Cambodian logs to Thailand

Cambodian logs to Thailand - April 6, 2004
Global Witness was expelled from Cambodia for bringing to light activities like this (from a press release from Global Witness, 'Laundering of illegal timber undermines forestry reform in Cambodia,' February 20, 2004): In 2000, the Thai company Thitikarn Ltd. obtained a permit authorising it to collect "branches and tree stumps" in Oddar Meanchey province. Instead, it purchases square logs from military-supervised illegal logging operations which focus on stripping out the province’s remaining stands of luxury timber trees. In mid 2003 the company was each month exporting 600 cubic metres of luxury wood, worth approximately $345,000, to Thailand. Thitikarn operates under the protection of Oddar Meanchey Governor Lay Virak and deputy governor Mao Tim, as well as units of the Royal Cambodian Armed Forces, police, military police, border police, customs authorities and Ministry of Environment officials.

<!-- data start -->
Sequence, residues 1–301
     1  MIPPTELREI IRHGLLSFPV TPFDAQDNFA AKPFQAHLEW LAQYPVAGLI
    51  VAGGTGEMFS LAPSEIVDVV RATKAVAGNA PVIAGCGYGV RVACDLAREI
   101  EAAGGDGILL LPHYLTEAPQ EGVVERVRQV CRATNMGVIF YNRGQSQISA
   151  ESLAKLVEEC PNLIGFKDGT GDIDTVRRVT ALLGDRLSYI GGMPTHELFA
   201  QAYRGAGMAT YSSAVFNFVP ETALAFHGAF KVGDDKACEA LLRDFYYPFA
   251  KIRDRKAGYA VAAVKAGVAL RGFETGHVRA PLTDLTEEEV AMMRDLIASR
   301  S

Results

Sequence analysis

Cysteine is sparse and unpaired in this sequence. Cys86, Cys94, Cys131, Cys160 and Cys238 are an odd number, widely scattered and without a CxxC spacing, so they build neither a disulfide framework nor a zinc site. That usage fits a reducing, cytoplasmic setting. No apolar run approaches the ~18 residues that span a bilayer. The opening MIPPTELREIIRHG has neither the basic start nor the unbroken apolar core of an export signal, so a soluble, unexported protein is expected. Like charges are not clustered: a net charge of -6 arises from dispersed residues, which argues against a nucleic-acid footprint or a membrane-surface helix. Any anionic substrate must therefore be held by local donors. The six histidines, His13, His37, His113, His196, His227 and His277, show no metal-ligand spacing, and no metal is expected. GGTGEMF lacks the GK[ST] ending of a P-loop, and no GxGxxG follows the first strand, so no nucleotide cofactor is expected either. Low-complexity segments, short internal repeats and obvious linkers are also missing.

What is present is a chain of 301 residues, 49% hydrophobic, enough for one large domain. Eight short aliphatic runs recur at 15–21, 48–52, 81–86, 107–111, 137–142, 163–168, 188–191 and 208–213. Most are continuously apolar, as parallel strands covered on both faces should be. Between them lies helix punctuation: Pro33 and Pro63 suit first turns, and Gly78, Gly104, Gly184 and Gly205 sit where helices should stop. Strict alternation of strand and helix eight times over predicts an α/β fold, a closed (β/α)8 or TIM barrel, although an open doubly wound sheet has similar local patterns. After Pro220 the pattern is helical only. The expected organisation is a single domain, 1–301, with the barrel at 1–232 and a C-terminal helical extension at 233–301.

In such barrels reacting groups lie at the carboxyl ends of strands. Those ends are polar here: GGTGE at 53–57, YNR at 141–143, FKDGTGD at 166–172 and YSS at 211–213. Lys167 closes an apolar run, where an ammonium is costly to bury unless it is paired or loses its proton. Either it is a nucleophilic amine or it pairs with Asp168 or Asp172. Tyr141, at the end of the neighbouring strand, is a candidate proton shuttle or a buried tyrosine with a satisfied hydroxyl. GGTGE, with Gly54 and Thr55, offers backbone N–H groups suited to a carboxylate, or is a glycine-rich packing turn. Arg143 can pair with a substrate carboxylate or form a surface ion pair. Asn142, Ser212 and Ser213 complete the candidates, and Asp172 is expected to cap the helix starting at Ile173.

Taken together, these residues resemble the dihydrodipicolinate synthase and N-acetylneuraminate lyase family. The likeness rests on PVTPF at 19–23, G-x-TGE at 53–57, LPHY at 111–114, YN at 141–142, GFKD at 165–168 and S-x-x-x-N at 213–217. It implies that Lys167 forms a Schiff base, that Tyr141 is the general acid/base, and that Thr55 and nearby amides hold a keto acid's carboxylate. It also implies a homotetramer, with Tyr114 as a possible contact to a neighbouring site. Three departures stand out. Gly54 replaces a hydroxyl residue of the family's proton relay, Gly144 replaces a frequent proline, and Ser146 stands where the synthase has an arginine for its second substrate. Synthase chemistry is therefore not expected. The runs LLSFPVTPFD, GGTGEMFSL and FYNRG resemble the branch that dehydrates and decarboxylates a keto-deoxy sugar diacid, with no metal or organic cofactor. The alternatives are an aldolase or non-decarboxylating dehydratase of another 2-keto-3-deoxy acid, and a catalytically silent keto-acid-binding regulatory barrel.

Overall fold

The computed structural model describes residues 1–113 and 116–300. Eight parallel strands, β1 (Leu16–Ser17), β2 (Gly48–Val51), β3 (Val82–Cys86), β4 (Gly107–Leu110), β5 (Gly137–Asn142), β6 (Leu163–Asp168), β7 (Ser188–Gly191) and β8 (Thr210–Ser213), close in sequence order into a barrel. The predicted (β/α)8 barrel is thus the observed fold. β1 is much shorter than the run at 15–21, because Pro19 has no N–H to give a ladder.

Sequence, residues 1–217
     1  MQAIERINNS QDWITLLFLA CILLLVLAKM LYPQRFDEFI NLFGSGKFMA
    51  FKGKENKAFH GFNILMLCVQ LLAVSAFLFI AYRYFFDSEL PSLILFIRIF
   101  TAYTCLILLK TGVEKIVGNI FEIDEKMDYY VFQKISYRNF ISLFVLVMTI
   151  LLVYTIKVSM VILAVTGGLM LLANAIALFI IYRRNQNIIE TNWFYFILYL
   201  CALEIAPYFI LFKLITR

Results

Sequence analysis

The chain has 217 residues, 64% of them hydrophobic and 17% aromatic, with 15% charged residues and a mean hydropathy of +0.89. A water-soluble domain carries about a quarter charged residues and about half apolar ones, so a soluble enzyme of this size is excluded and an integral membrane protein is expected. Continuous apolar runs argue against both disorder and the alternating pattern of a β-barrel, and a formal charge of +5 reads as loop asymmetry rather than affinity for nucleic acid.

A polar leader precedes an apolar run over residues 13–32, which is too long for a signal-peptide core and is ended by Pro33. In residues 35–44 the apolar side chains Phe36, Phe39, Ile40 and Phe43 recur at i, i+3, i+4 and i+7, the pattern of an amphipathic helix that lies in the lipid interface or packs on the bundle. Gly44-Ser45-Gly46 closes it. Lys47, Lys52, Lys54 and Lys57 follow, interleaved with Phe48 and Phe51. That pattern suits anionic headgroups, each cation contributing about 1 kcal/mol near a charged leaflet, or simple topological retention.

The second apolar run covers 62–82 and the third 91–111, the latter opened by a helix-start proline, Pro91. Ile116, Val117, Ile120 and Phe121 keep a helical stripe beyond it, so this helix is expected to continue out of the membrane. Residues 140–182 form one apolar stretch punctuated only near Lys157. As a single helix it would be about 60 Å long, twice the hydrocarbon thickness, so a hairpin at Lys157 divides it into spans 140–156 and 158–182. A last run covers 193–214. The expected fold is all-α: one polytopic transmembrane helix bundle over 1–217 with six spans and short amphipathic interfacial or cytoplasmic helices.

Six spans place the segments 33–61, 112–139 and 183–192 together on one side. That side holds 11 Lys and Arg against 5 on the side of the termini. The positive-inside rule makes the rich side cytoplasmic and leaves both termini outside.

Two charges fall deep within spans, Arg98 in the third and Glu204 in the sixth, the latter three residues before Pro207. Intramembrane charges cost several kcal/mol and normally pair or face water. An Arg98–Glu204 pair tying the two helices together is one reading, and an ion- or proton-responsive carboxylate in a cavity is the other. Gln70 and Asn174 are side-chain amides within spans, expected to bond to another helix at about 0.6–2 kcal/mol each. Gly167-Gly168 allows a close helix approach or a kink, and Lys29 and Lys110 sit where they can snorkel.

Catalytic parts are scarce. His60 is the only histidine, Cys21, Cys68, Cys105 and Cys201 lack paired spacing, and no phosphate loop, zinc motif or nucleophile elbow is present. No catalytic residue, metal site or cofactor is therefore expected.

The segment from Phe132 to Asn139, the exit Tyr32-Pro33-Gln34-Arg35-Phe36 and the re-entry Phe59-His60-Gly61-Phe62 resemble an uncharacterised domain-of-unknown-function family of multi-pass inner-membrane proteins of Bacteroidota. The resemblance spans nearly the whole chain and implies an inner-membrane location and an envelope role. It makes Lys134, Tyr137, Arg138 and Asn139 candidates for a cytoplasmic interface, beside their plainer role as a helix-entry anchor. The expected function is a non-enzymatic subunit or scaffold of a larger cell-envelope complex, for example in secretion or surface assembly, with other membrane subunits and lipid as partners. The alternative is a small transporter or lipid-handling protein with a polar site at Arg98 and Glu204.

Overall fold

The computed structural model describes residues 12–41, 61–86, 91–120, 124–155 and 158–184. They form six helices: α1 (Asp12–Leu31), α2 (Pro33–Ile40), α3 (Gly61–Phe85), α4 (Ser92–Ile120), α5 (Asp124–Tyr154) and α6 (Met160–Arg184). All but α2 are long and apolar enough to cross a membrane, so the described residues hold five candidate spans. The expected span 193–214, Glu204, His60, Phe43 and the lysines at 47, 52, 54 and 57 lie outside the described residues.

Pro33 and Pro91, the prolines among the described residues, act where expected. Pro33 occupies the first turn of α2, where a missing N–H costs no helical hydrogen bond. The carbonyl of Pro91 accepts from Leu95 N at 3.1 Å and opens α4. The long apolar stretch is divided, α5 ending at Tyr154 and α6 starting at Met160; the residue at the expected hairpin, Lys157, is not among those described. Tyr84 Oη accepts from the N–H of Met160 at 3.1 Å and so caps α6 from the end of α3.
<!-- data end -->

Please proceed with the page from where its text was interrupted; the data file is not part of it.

Amidst a recent high-profile crackdown on luxury timber dealers in Siem Reap and Oddar Meanchey provinces orchestrated by the Forest Administration, Thitikarn continues to operate uninterrupted. As of the end of January, its compound in O’Pouk village, near O’Smach, contained at least 700 cubic metres of illegally-harvested luxury wood, guarded by Battalion 42 soldiers commanded by Colonel Meak Vong.
The impunity which Cambodian officials grant Thitikarn contrasts with the action taken by Thai authorities in August 2003, when Thai Forestry Police raided a Thitikarn warehouse in Bang Na, Thailand, seizing luxury wood from Cambodia and Laos worth around $250,000. Protesting the raid, Thitikarn publicly defended its plunder of Cambodia’s natural resources; claiming that by confining its operations to Cambodia, this would help reduce illegal logging in Thailand.
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